This month, papers all around America reported that according to the U.S. Department of Education, "children in public schools generally performed as well or better in reading and mathematics than comparable children in private schools."
The New York Times put the study on its front page, along with a quote from teachers' union president Reg Weaver, who claimed it showed "public schools were doing an outstanding job."
Most public schools are far from outstanding. America's government schools have rigid one-size-fits-all rules that reward mediocrity. Despite raising per-student spending to more than $10,000 (at least $200,000 per classroom!), test scores have stayed flat. On international tests, Americans now lag behind students from less developed nations like Poland and Korea that spend a fraction as much money on education.
The people who run the international tests told us, "the biggest predictor of student success is choice." Nations that "attach the money to the kids" and thereby allow parents to choose between different public and private schools have higher test scores. This should be no surprise; competition makes us better.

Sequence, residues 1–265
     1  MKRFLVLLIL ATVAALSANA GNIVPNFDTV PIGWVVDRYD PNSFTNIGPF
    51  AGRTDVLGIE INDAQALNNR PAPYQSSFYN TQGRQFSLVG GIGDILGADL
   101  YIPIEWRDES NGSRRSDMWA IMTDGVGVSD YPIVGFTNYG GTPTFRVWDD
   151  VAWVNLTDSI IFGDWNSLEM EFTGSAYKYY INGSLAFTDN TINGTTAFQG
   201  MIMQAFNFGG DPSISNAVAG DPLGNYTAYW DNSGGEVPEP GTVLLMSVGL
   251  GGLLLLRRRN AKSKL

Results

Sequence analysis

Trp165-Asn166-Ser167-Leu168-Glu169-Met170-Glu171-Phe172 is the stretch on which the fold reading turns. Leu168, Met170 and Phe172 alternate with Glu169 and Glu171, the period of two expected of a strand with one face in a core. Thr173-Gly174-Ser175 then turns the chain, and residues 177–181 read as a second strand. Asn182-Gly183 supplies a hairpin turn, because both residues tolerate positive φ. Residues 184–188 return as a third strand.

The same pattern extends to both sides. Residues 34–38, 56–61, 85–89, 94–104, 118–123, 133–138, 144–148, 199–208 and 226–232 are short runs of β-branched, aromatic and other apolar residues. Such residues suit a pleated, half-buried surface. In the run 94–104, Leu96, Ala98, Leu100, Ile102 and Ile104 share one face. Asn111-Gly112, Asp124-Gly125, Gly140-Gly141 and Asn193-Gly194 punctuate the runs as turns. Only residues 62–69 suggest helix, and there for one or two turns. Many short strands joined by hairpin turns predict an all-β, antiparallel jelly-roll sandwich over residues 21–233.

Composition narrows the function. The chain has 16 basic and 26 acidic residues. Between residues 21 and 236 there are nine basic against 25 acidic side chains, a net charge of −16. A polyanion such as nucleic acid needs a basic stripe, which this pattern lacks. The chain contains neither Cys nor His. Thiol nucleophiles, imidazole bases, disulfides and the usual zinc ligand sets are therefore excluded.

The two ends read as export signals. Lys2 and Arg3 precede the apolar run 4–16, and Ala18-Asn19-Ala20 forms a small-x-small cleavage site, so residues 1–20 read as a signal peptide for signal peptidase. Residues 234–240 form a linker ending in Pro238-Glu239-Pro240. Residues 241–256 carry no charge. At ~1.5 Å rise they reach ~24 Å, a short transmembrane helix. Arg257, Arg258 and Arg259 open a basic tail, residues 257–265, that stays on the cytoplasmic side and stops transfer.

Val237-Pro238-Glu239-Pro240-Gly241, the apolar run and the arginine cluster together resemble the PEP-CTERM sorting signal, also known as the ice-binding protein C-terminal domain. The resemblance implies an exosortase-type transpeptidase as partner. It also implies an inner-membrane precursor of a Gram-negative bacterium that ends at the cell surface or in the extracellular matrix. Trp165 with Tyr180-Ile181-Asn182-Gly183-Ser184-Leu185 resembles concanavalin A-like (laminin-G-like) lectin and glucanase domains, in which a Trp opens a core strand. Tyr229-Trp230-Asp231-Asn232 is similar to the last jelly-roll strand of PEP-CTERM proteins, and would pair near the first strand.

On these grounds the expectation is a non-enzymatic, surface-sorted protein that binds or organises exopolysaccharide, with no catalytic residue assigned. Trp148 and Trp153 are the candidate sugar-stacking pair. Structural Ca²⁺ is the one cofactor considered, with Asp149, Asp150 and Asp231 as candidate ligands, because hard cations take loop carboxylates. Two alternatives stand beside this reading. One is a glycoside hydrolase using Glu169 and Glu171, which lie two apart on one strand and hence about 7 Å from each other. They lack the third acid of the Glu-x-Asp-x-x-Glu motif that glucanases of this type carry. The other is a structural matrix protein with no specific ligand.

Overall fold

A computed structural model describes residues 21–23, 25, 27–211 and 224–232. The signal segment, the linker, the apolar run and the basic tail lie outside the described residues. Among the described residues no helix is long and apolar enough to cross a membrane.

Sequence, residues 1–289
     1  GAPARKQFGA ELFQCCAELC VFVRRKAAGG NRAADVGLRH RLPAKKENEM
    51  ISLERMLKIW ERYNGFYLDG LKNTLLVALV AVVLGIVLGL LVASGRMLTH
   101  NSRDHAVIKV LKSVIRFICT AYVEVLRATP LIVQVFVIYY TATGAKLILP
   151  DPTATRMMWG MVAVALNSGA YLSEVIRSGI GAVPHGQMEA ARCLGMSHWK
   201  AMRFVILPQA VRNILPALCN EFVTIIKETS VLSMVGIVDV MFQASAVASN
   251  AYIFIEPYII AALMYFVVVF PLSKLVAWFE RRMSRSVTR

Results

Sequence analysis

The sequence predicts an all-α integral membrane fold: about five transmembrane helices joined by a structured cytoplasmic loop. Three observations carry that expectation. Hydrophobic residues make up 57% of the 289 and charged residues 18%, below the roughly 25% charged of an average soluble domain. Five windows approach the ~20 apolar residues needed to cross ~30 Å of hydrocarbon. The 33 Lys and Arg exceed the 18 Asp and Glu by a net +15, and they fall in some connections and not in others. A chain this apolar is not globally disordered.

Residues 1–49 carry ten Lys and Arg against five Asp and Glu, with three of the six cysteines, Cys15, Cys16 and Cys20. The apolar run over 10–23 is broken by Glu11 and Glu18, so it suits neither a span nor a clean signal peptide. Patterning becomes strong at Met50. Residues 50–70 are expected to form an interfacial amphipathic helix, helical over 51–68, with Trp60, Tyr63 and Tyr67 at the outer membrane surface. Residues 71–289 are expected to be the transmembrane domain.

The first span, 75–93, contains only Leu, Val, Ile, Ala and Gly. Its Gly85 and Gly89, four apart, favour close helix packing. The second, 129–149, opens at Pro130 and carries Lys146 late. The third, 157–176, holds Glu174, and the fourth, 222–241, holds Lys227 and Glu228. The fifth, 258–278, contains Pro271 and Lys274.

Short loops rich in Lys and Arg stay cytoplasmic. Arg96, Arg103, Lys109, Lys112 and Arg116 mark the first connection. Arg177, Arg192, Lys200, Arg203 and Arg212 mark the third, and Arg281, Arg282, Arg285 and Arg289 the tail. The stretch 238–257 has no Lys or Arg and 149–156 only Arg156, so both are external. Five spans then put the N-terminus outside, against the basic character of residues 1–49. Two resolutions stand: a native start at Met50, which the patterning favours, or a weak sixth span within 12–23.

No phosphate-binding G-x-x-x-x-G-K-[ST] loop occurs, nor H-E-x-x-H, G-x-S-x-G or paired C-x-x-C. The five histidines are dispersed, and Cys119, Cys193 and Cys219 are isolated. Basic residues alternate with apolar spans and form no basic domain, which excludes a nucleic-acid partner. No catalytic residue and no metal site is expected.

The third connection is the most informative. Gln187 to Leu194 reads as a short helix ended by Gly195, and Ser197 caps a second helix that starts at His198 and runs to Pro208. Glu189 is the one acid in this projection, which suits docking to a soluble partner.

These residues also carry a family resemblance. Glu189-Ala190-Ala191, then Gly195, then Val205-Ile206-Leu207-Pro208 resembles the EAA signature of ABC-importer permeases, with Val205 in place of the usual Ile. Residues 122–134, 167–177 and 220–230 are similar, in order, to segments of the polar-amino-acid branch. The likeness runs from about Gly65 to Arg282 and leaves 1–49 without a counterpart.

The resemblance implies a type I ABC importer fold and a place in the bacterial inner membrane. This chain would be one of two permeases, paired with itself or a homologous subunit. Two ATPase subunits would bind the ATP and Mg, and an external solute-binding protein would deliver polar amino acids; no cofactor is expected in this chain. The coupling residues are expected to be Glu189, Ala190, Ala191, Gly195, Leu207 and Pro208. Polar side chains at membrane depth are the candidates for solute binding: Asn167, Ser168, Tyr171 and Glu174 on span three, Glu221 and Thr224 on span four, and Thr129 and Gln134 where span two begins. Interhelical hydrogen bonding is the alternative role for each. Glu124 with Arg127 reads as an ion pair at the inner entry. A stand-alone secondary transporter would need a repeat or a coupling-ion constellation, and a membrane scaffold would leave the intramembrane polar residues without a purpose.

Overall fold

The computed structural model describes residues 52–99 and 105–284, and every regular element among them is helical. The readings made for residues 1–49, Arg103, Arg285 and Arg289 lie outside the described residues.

It's true in America, too, as we know from the few tiny choice experiments that have squeaked past the restrictions of the unions and the education bureaucrats. There are now eight studies from some of the places where choice has been tried. All show that when parents are given choices, kids' performance improves. But those studies didn't make the front page of The Times.
Why? Were they inferior to the new study? Not at all. Many were the best kind of controlled studies -- they followed students who were assigned by lottery to get a ticket out of the regular public schools. That gave the researchers two nearly identical populations to compare. Again and again, kids who won the lottery did better than those who were stuck in the standard government schools.
Then why did the new study conclude that public schools performed as well?
The researchers tortured the data.
It seems the private school kids actually scored higher on the tests, but then the researchers "dug deeper." They "put test scores into context" by adjusting for "race, ethnicity, income and parents' educational backgrounds to make the comparisons more meaningful."